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# Physics 2054C – Spring 2002 PowerPoint PPT Presentation

Physics 2054C – Spring 2002. Review for Quiz on Wed. Start Chapter 17. Housekeeping. Lab Sections. Most People Assigned Let me know if you are in a lab section and need to change. Provide a 1 st and 2 nd choice. CAPA. Need names of those without CAPA logins. Other Questions?.

Physics 2054C – Spring 2002

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## Physics 2054C – Spring 2002

Review for Quiz on Wed.

Start Chapter 17

Larry Dennis

### Housekeeping

• Lab Sections.

• Most People Assigned

• Let me know if you are in a lab section and need to change.

• Provide a 1st and 2nd choice.

• CAPA.

• Need names of those without CAPA logins.

• Other Questions?

F = kQ1Q2

R2

### Electric Forces (Coulomb’s Law)

• Like Charges Repel.

• Opposite Charges Attract.

-

+

-

F = kQ1Q2 = ma

R2

+

### Coulomb’s Law & Newton’s Law

• Both apply

• Electrical forces cause accelerations.

• It is a vector.

### Electric Fields

• Related to the Electric Force.

• Removes the dependence on one of the charges.

• E = F/Q1 = kQ2/R2

### Rules for Drawing Electric Field Lines

• The lines must begin on a positive charges and terminate on a negative charges (or at infinity).

• The number of lines drawn leaving a positive charge or approaching a negative charge is proportional to the magnitude of the charge.

• No two field lines can cross.

### Superposition

• Add the effects of multiple charges.

• Fnet = F1 + F2 + F3 .

• Calculate each of the forces as if the other charges were not present.

• Enet = E1 + E2 + E3 .

• Calculate each of the electric fields as if the other charges were not present.

L

R

0.6 m

### Sample Problem

• Two charges are sitting on a table separated by a distance of 0.60 m. The sign and magnitude of these two charges (L and R) are unknown. We are going to use a positive test charge (Q = 5.0 x 10-6 C) to determine which charge is positive and which charge is negative.

• If the charges L and R repel then they must both positive or both be negative.

• If the charges attract (the case shown below), then they must be of opposite sign.

• For now we will assume the attract one another.

Q

L

R

0.6 m

### Sample Problem (continued)

• We place our test charge Q midway between the two charges and observe that it moves to the right (towards R). From this we can determine that:

• Q could be opposite R (attract), same as L (repel). Or

• R could be much less than L and both are positive, but these charges would repel one another. Or

• L could be much less than R and both are negative, but again, L and R would repel one another.

Case 1 is our only choice.

This is the one!

L

R

Case 1: R negative & L positive

L

R

Case 2: R positive & L negative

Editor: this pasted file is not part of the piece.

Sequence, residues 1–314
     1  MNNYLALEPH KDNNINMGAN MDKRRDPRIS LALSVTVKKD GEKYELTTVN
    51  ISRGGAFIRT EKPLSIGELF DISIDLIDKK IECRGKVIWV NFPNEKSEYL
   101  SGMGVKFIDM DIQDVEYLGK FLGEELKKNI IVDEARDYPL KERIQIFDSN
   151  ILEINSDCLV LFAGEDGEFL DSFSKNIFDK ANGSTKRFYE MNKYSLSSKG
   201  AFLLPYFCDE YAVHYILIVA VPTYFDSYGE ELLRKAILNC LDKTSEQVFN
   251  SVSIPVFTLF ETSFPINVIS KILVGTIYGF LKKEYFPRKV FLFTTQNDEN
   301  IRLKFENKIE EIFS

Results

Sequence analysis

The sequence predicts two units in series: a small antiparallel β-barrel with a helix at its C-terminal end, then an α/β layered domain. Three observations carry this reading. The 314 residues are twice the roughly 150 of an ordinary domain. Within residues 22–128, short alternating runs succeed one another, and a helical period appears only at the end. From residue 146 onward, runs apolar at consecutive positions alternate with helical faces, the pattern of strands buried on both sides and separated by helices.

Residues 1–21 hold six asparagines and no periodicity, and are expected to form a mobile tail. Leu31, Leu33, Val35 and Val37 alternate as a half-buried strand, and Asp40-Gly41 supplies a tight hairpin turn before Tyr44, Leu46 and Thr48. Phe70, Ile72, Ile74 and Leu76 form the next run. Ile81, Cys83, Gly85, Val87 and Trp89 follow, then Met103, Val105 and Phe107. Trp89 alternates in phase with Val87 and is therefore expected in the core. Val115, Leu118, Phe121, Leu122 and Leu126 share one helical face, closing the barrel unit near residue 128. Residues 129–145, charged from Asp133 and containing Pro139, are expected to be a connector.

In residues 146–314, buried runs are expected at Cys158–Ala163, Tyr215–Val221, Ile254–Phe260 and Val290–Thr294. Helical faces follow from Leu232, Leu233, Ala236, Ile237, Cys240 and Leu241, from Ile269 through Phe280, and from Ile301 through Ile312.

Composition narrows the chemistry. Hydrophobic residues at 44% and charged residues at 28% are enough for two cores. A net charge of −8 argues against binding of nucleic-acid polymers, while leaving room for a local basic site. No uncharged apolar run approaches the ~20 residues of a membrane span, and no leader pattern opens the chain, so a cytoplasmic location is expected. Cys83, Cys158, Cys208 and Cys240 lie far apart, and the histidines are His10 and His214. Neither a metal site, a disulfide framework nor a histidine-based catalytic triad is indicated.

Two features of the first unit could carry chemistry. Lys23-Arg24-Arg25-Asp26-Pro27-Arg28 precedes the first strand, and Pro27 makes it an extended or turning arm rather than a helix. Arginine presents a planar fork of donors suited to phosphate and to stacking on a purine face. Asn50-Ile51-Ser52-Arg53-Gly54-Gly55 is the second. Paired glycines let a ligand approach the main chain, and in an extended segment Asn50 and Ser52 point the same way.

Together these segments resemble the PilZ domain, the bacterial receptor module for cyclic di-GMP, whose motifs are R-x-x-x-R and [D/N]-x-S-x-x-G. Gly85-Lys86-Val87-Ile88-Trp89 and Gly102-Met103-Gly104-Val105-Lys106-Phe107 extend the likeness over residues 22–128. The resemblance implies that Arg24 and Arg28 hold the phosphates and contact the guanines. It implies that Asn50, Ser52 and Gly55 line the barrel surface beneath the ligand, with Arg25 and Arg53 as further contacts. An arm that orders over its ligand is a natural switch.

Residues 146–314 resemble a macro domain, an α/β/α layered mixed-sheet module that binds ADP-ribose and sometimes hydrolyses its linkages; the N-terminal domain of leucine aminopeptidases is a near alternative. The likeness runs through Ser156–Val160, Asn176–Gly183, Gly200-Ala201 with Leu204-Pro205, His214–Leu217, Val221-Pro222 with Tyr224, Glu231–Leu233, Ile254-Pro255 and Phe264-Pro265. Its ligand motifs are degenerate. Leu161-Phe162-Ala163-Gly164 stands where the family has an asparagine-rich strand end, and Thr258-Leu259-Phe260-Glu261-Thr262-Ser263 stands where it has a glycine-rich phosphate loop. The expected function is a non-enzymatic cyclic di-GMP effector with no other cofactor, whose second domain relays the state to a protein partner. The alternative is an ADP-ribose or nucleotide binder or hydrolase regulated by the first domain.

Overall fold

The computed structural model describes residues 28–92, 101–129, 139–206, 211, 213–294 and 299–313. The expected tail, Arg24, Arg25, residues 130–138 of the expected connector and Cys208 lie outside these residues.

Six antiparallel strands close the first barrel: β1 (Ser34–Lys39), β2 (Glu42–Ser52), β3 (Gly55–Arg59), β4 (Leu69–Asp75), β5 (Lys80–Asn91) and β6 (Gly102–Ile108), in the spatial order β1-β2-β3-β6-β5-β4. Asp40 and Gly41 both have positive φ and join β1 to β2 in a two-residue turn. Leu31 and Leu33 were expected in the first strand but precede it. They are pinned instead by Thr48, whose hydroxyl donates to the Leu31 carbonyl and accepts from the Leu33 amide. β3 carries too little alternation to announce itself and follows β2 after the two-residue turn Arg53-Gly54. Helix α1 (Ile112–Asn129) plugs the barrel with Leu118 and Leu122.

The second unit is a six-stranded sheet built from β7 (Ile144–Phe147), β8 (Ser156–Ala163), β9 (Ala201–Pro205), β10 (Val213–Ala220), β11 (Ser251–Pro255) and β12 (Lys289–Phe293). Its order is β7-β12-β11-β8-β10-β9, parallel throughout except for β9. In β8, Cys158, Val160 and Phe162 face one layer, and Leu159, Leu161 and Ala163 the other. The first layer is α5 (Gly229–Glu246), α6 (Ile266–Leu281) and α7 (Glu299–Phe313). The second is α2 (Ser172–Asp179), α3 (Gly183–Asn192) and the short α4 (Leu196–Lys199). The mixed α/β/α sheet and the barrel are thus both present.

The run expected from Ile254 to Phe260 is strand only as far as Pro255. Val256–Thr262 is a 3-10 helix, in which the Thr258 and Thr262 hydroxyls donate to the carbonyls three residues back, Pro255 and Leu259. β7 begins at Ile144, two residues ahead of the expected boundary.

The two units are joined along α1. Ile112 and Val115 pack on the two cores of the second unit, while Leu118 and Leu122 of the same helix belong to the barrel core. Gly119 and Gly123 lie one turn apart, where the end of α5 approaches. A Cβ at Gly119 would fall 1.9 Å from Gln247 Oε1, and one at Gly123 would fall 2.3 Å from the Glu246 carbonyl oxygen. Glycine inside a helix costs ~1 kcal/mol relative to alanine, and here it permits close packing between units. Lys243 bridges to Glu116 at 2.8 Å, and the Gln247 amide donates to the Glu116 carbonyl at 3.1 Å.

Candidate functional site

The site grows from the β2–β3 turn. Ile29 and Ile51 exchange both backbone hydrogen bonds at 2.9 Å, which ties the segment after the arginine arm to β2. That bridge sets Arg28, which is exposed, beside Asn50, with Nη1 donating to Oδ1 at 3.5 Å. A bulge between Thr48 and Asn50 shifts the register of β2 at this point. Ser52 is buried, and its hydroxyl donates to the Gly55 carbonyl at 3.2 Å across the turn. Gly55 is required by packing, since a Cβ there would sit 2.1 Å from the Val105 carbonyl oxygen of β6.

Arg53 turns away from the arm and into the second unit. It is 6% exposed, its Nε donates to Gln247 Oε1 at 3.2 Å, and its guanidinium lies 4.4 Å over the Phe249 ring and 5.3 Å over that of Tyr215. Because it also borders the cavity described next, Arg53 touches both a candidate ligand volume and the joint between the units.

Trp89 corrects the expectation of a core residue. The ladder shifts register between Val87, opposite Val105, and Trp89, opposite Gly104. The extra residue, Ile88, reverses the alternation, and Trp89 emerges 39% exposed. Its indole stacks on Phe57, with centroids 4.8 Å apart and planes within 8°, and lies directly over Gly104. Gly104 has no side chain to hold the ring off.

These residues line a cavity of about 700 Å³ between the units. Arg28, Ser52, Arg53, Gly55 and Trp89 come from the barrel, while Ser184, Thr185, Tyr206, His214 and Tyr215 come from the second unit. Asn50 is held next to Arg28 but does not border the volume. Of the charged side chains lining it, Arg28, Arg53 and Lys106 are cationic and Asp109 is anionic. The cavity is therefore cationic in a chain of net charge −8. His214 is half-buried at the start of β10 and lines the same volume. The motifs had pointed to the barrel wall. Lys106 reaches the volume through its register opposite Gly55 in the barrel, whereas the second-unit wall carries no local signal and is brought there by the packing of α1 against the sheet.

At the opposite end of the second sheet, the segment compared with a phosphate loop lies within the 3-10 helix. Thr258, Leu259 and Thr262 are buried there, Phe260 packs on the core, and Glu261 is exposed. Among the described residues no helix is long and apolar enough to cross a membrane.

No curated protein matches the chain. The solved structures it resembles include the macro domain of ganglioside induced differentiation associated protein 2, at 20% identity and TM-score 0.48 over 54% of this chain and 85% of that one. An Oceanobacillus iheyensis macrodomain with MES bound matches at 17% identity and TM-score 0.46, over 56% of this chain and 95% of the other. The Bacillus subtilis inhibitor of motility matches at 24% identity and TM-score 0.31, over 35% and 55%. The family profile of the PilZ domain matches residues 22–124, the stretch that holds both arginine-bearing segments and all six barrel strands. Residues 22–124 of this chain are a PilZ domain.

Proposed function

### Sample Problem (continued)

• What is the direction of the electric field at the midpoint?

• (recall) F = Q E and since Q>0, F and E are parallel.

• Because the positive charge, Q, moved to the right, the electric field must be to the right.

Q

R

0.3 m

### Sample Problem (continued)

• Suppose that we remove charge L and measure the force exerted on Q by R to be 8.0 N to the right.

• What is the sign of R?

• What is the sign of L?

R must be negative since it attracts a positive charge!

L must be positive since it must be opposite to R!

Q

R

0.3 m

### Sample Problem (continued)

• What is the magnitude of the electric field at the point where Q is located due to charge R?

F = Q*ER

ER = FR/Q

= 8.0 N / 5.0 x 10-6 C

= 1.6 x 106 N/C

Q

R

0.3 m

### Sample Problem (continued)

• What is the magnitude of the charge R?

ER = kQR/D2

QR = ER * D2 /k

= 1.6 x 106 N/C * (0.3 m)2 /9.0 x 109 N-m2 /C2

QR = 16 x 10-6 C (16 microcoulombs)

### Chapter 17 – Electrical Energy and Electrostatic Potential

• Electric forces can be used to change the energy of matter.

• Wab = -qVab = -q(Va – Vb)

• Electric potential (often shortened to potential) is the change in potential energy per unit charge due to an electric field.

• Measured in volts.

• -Wab/q = (Va – Vb)

### Electric Potential Energy

• PE = PEb = PEa = q(Vb – Va)

Vab

-

+

W = qV

W = Fd

W = (qE)d

W = qV = qEd

 E = V/d

+q

d

Vab = 1500 V

-

+

+q = .5 C

d = 2 mm

### Electric Potential Energy

• PE = PEb = PEa = q(Vb – Va)

W = qV = .5 C * 1500 = 750 J

W = qV = qEd

 E = V/d = 1500 V / 0.002 m

= 5.5 x 105 V/m = N/C

### The Electron Volt

• Energy acquired by an electron as an electron moves through 1 volt.

Vab

-

+

W = qV

W = 1.602 x 10-19 C * 1 Volt

W = 1.602 x 10-19 Joules

W = 1 eV (electron volt)

+q

d

### Next Time

• Tutorials:

• Mon. 12:15 – 3:15

• Tue. 9:00 – 12:00

• CAPA Due Wednesday Morning at 2:00 AM

• Wed: First Quiz on Chapter 17

• Chapter 17 - Electrical Energy